Android Police

Articles Tagged:

chipsets

8

New 4G Qualcomm Snapdragon chipsets will make cheap phones the best they can be in 2020

Qualcomm might be leading the charge towards 5G with new chipsets for premium and "Premium B" phones this year. But in many parts of the world where the transition from 4G will be especially slow to start, the chipmaker will also need to cater to people set to stick with LTE for the next while. It's at this juncture that the company introduces the Snapdragon 460, 662, and 720G SoCs.

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23

A 5G phone might not cost you a kidney next year, thanks to Qualcomm's Snapdragon 765 and 765G

Last year, Qualcomm launched the Snapdragon 700-series SoCs to address a developing market segment that some have called "Premium B" to cope with the ongoing phenomenon of flagship cost runaway. The company later appended an offshoot skew in the 730G for the burgeoning gaming phone sector which presses value and performance to extremes. Today, in the same effective breath it announced the Snapdragon 865 with, the chipmaker has also spoken of the Snapdragon 765 and the 765G, and yes, they're the first in their series to get 5G support.

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5

MediaTek reveals new Helio A series for entry-level handsets, starting with the A22

MediaTek gets a lot of flak—and, at least in part, it's deserved—but the company's products occupy a necessary niche. After pretty much every ARM chipset manufacturer excluding Qualcomm pulled out of the smartphone race in the early 10's, MediaTek was left to fill the entry-level void, and it has. The fact that its chipsets typically end up in lower-end devices means we're especially excited for today's news, as the company is launching the Helio A series destined for low to mid-range hardware, starting with the A22.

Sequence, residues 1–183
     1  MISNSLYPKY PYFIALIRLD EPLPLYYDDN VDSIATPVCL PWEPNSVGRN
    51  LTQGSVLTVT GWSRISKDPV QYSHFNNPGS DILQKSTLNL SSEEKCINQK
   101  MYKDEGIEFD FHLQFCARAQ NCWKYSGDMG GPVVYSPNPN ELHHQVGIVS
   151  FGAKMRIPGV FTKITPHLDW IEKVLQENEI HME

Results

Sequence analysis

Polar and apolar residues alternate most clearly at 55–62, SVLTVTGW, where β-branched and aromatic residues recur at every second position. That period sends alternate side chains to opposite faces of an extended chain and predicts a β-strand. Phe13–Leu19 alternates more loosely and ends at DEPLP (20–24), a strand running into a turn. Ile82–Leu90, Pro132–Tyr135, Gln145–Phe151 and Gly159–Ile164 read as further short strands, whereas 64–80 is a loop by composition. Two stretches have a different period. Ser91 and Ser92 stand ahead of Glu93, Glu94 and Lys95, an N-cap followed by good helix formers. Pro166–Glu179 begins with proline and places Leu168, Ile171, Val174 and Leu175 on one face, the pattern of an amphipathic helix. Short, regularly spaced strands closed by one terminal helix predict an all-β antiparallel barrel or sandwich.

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66

[Update: Layoffs Confirmed As Part Of Cost-Cutting Plan] Qualcomm Could Lay Off More Than 10% Of Its 30,000 Employees In Its Second-Quarter Earnings Announcement

It's not easy being a chip and component maker in the smartphone industry and trying to turn a profit when competitors are driving the prices down to a point where an entire phone can cost somewhere around $50. It's even harder when the high-end market is being governed by a few players, the major one of whom decides to "dump" your chips and use their own for its flagship. That's Qualcomm's conundrum right now. The company, which has been a mainstay on the spec sheet of a grand majority of the Android phones we talk about here on Android Police, is hitting a rough patch — not enough to sound the alarm sirens, but enough to jeopardize the employment of thousands of its workforce.

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